Separation of Tribe of Levites
God Instructs Moses About Levite Duties
In the book of Numbers the numbering began in verse 1 with all males 20 years or older to include all men of age to go to war. The total was 603,550 men. The Levites were not included in the first census as God instructs Moses about the Levite duties to minister to religious affairs, and they are later counted separately in chapter 3.
In Numbers beginning in verse 1:47 God gives instructions to Moses with general orders detailed in verse 50 as follows:
But thou shalt appoint the Levites over the tabernacle of testimony, and over all the vessels thereof, and over all things that belong to it: they shall bear the tabernacle, and all the vessels thereof; and they shall minister unto it, and shall encamp round about the tabernacle. Numbers 1:50 (KJV)
Verse 51 states that the penalty is death for the stranger, meaning anyone who was not appointed to minister or carry the tabernacle, if they come nigh to the tabernacle. The tabernacle was the holy habitation or dwelling place of God who arose in a cloud by day and pillar of fire by night to lead Israel through the wilderness. The priests were the ministers and only ones sanctified to approach this holy place.
This penalty is repeated in Numbers verse 3:10 stating “…and the stranger that cometh nigh shall be put to death.”, again in verse 3:38, and then in 18:7 for a total of 4 times in the book of Numbers.
In a previous study of Leviticus 10:2 we learn about Nadab and Abihu, sons of Aaron, who were struck dead with fire from God for violating rules for priests. Looking ahead in 1 Chronicles 13:9, the tribes are on the move and arriving at Chidon when another person is struck dead. Uzza, a driver of the cart carrying the tabernacle, notices the oxen stumble and reaches out holding on to the ark and immediately dies.
God makes the rules, and for modern mankind the importance of Bible study and knowing God’s expectations is that learning from Scripture allows us to separate the traditions of man to know God’s will.
Positions of Tribes When Encamped
Returning to Numbers chapter 1, the last few verses document the position of each tribe by their standard, meaning flag or ensign, when camped. Verse 50 above states the Levites shall encamp round about the tabernacle. The position of the tents for all other tribes begins in chapter 2 stating “afar off” with tents pitched by tribe in groups by standard. Afar off in this sense meant away, yet within viewing distance of the tabernacle which was surrounded by the tents of the priests in the very center.
To the east of the tabernacle, from left to center to right, were the tribes of Issachar, Judah, and Zebulon. To the south, and again left, center, and right, were the tribes of Simeon, Reuben, and Gad. Facing west and left to right were the tribes of Manasseh, Ephraim, and Benjamin. Finally, to the north were Asher, Dan, and Naphtali.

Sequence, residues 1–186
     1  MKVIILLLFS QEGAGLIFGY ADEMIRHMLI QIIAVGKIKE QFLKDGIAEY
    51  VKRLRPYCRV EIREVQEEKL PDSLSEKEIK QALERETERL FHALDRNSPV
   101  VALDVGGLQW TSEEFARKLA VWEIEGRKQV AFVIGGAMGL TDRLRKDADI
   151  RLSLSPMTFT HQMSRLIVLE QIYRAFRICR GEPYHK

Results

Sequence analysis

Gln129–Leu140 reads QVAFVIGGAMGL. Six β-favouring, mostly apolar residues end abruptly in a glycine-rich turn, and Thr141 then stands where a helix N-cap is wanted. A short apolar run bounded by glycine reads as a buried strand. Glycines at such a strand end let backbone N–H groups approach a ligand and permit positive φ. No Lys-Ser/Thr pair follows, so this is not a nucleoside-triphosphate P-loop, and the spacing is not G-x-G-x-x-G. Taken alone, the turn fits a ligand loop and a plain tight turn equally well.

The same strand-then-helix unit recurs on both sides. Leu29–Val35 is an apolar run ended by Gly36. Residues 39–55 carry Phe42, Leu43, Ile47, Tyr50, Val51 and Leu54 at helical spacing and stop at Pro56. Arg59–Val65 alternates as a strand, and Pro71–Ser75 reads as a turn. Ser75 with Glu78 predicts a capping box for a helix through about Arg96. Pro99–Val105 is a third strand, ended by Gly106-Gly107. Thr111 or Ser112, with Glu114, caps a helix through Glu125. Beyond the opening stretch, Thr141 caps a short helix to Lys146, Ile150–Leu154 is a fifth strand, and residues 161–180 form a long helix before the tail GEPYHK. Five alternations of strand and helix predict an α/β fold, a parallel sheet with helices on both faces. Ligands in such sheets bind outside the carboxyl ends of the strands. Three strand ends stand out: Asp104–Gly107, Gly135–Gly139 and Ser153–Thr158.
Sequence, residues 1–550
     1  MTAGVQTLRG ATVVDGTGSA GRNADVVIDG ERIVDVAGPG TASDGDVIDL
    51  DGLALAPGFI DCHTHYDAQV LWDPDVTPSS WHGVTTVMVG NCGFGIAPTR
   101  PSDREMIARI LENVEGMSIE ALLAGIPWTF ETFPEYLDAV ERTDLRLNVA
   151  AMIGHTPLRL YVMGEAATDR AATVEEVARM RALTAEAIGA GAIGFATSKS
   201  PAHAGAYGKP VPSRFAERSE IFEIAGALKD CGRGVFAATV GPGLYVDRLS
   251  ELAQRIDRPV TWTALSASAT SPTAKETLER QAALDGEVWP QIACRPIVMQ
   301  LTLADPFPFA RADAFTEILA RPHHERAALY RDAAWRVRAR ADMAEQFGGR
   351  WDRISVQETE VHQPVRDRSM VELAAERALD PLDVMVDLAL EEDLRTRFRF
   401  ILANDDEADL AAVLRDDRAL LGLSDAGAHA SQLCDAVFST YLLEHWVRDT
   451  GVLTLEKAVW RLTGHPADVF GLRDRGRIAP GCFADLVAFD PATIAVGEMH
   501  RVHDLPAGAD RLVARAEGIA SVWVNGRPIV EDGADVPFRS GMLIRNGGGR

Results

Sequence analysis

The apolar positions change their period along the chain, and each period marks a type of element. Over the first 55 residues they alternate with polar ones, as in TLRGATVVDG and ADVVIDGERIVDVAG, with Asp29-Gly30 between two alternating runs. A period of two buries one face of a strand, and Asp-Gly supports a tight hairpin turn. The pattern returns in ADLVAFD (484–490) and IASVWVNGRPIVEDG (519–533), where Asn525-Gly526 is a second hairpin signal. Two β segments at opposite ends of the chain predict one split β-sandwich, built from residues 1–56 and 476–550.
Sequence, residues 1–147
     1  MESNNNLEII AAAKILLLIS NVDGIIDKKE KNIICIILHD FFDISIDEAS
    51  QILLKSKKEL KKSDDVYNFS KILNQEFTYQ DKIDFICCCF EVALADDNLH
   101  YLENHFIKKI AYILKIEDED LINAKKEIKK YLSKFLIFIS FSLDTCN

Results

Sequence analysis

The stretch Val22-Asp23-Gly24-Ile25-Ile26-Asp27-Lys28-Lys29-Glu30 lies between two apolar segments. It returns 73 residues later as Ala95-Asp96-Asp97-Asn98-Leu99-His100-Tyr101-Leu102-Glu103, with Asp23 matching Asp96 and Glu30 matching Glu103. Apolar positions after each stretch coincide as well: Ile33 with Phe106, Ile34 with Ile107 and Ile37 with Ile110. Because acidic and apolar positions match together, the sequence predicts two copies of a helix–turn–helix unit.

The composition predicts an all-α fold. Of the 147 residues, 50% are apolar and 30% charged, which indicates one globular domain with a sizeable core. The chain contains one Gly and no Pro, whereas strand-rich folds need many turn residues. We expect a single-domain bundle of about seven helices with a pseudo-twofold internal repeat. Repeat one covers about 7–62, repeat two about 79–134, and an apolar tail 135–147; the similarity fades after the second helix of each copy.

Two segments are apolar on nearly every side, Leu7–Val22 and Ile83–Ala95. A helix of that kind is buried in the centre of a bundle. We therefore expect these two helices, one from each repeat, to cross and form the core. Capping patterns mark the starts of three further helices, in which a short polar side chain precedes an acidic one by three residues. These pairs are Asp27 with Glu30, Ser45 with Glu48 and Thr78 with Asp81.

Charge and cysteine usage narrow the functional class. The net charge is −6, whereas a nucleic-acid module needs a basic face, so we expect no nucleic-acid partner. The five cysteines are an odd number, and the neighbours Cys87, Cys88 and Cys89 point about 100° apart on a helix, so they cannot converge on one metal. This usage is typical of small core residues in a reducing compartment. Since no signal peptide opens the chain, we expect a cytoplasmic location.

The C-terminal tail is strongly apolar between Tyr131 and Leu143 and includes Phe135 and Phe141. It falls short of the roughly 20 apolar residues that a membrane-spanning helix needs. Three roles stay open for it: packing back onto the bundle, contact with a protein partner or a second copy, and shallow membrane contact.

The positions of the Levites in the center and around the tabernacle were likewise ordered by God. The families of Moses, Aaron, and the priests were to the east, the Kohathites to the south, the Gershonites to the west, and the Merarites to the north. Note that the key leaders of Moses, Aaron and the priests, plus the line of Judah from which Christ the Messiah would come, were all positioned to the east.
The New Testament sign of the birth of Christ was a star in the east that the wise men followed to Bethlehem. There is significance in Bible facts when considered in total, and numbers carefully studied allows students to mark time by comparing genealogies and historical records to establish timelines for the entire Bible.
Significance in Numbering of the Levites
When the children of Israel were still in bondage in Egypt, the first Passover and 10th plague with the death of all the first born of Egypt provided the freedom for Israel and the beginning of the exodus. At that time, God claimed the first born of man and beast as His, and now in Numbers He claims the tribe of Levi as a replacement instead of the previous claim for all first born.
The sons and descendants of Levi were Gershon, Kohath, and Merari and their families. Numbers chapter 3 gives an accounting of their census beginning in verse 21 with a counting of all males one month old and upward, and the total is 22,000 as stated in verse 3:39. In verse 40 God commands a similar count be taken of the first born males of the children of Israel, and not all males as in the first numbering, but just the first born. This total was 22,273 for a difference of 273.
To reconcile the difference, Numbers 3:46 and 47 document God’s instructions that the children of Israel were to compensate 5 shekels per person for the 273 that all may be redeemed in this exchange, so 1,365 shekels were given as a token to Aaron and his sons. Why 5 each? In the Bible, the number 5 signifies divine grace.